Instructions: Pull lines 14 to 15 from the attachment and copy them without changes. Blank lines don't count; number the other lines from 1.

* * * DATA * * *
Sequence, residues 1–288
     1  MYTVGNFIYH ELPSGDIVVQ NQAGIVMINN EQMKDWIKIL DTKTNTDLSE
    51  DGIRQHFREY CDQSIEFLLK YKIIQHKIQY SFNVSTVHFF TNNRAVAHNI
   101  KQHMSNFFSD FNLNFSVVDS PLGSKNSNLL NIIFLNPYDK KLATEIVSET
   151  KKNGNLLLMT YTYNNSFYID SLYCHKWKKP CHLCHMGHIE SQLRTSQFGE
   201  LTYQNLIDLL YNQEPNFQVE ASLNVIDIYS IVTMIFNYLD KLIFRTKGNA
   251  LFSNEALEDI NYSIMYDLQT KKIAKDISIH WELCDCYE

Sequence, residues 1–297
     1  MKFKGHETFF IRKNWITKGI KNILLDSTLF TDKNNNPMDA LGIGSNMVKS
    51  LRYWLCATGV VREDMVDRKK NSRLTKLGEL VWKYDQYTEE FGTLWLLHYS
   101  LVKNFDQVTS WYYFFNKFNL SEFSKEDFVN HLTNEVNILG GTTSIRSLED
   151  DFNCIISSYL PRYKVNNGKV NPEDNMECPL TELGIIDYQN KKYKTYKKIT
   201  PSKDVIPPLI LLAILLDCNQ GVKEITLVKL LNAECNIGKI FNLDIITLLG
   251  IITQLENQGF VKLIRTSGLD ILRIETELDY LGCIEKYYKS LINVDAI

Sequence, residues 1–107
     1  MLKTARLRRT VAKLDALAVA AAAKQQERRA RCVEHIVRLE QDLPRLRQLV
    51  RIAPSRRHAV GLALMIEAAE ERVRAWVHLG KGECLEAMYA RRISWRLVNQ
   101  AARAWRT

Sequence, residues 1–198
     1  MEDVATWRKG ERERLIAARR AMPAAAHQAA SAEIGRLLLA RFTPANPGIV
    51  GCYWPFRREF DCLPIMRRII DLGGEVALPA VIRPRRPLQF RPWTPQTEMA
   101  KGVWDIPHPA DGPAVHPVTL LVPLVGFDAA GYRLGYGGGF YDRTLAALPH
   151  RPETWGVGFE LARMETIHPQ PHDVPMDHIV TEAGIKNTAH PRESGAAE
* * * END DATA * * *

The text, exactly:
   251  IITQLENQGF VKLIRTSGLD ILRIETELDY LGCIEKYYKS LINVDAI

Sequence, residues 1–107